Screen_shot_2014-09-04_at_9.14.30_am_medium
Four Factors statistics for the Chicago Sky and Indiana Fever in Game 3 of the Eastern Conference Finals.

There isn't any really easy strategic explanation for a pattern like that to occur over two series, but the reason for it isn't necessarily complex either: in every one of the Sky's big fourth quarters it has been one player carrying them to victory.

Game 1 against the Atlanta Dream was mostly a team effort, but ultimately came down to Courtney Vandersloot making a clutch game-winner with under 30 seconds left. Game 3 against Atlanta was all about Delle Donne. And in the Eastern Conference Finals, it was all about Sylvia Fowles showing glimpses of what we've all been waiting for her to do in the final periods of games.

Series MVP: Sylvia Fowles steps up down the stretch

Allie Quigley was actually the star of Game 3, scoring 7 of her game-high 24 points in the fourth quarter. And really, Courtney Vandersloot deserves credit for continued efficiency with a playoff career-high 9 assists and just 2 turnovers despite a quiet night as a scorer. But Sylvia Fowles absolutely took over in the fourth quarter of both Games 2 & 3 (and also led the team in scoring with 7 points in the fourth quarter in their Game 1 loss) to give the Sky those massive advantages in shooting efficiency.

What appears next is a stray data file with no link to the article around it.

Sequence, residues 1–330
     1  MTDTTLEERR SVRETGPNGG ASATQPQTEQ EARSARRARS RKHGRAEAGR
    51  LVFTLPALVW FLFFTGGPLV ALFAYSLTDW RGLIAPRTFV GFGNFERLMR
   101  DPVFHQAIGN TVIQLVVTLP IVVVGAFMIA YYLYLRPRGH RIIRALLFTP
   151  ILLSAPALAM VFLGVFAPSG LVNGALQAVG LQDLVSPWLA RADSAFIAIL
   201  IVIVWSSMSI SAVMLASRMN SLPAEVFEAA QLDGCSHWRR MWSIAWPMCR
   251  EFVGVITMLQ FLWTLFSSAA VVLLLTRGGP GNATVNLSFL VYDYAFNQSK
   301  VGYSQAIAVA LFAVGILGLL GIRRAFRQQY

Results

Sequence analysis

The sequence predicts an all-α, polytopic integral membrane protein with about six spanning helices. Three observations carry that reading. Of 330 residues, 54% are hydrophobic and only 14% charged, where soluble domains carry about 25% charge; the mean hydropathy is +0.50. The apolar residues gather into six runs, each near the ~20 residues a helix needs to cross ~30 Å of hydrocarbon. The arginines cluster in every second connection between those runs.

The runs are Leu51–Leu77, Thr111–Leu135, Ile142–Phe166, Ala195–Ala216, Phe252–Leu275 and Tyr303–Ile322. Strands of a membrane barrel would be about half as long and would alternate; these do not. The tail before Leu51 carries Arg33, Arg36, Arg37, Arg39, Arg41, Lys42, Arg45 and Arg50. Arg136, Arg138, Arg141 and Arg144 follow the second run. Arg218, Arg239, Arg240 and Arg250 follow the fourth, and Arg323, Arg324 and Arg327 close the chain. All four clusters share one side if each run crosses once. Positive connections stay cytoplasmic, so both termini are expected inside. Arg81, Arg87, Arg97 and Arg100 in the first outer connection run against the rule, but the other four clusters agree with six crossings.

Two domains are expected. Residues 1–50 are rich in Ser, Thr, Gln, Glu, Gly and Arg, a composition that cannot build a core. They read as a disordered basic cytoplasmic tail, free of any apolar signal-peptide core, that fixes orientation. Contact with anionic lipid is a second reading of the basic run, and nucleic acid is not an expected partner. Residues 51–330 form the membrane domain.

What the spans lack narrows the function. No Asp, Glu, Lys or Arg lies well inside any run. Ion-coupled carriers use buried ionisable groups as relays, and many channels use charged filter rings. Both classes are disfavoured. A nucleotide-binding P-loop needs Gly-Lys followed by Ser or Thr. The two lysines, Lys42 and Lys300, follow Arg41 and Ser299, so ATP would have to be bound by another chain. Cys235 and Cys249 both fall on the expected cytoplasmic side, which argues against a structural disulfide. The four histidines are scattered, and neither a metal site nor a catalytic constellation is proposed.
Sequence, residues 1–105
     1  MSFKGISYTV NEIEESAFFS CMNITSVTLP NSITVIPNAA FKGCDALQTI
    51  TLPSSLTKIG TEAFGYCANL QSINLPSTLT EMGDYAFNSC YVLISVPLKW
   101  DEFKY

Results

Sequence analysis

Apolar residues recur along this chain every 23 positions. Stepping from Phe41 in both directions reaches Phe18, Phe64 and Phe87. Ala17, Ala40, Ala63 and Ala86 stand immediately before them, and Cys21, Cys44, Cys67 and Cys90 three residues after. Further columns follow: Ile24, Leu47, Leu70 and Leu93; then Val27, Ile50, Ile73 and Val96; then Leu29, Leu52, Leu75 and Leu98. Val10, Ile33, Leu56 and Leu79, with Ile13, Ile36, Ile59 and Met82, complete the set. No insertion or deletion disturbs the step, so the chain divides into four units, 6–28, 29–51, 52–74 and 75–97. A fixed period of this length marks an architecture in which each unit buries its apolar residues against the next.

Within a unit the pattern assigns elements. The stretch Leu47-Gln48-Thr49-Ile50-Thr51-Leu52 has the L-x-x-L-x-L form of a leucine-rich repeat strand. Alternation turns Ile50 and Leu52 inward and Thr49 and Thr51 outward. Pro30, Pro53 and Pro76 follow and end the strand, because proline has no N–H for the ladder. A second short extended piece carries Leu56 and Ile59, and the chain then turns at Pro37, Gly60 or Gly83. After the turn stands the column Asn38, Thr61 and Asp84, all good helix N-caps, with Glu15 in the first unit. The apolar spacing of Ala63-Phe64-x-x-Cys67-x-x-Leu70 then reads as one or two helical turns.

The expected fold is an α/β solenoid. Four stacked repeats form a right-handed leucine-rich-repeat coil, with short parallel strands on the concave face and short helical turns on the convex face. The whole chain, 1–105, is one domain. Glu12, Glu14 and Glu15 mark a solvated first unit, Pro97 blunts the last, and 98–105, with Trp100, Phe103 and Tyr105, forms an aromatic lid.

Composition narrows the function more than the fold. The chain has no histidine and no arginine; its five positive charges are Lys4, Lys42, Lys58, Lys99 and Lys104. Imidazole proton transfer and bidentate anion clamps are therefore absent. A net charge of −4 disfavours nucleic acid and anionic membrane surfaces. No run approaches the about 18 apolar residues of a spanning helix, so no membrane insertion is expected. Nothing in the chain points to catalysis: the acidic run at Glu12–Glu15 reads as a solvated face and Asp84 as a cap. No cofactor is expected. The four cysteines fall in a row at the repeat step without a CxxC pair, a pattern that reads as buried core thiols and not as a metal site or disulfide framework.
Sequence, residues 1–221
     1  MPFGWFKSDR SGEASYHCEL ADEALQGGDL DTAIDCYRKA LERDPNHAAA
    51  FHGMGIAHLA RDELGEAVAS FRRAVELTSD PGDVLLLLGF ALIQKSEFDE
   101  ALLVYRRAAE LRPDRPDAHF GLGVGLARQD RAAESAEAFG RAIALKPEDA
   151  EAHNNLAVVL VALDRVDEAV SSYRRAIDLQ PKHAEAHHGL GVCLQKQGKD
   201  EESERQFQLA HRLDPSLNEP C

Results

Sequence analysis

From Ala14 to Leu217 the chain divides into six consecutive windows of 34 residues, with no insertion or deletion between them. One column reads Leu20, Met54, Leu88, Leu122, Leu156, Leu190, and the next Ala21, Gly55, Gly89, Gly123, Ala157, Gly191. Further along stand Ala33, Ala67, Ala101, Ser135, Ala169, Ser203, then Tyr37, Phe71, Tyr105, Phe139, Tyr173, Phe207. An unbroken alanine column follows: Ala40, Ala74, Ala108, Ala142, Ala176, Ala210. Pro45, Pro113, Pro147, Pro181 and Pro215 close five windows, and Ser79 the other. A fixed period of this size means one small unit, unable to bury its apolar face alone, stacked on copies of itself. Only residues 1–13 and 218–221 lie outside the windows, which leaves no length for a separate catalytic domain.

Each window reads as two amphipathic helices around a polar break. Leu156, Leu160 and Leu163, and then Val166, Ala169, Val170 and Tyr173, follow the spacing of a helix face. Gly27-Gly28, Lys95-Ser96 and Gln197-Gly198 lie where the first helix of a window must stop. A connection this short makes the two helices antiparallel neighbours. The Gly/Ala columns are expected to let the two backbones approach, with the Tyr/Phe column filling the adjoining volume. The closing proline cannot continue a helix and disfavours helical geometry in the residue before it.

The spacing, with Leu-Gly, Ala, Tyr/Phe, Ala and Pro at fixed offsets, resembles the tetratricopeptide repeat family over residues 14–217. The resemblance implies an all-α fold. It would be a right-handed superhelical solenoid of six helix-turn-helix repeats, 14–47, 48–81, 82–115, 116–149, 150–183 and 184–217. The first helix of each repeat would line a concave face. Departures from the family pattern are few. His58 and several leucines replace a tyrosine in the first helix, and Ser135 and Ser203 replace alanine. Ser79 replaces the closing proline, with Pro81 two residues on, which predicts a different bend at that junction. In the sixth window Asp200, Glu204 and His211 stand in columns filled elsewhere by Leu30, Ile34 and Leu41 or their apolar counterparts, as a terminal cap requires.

With the way the Fever were shooting in Game 3, the game felt like it was over after three quarters anyway so Fowles' scoring production wasn't quite as urgent but that doesn't negate the fact that she looked dominant in the fourth quarter once again. It has always been the case that when Fowles gets low position, calls for the ball and actually gets the ball, she could overwhelm just about any center in the league with either agility or power - or at least that's what we've always expected from her. She just hasn't ever looked nearly as assertive in the post as she did in the Eastern Conference Finals when she just bullied the smaller Fever front line. And when teams are forced to direct so much attention to Fowles, that opens things up for the entire offense (this is probably the first building block for any preview of the 2014 WNBA Finals).

And therein lies the strength of the Sky and the key to their resilience during the playoffs: they've managed to find someone to carry the load when it counts. And they have so many weapons to rely -- all of which have taken over games at times -- that it's almost starting to seem like by the fourth quarter they're just stubbornly exploiting whatever advantage they feel most comfortable with in the moment.

Although the teamwork doesn't always look as beautiful as it does for, say, the Minnesota Lynx, the more subtle strength they've shown is a willingness to defer to the teammate who gives them the best shot at winning in a given circumstance. You don't shoot that well in fourth quarters without some awareness of the optimal shot distribution given the matchup. Perhaps we don't want to say they're "egoless" they have the tendencies of an egoless teams, which might be the byproduct of having two MVP-caliber stars and a point guard who are quiet leaders as opposed to the louder, centerstage types.

We still don't entirely know much about this Sky team -- that has still only been at full strength for about one game all playoffs -- but we're just starting to find out how potent they can be. And whatever else is said about them, we can put their future in perspective by saying that being far less than 100% this season has gotten them to the WNBA Finals.

For more on this series, check out our Fever vs. Sky storystream.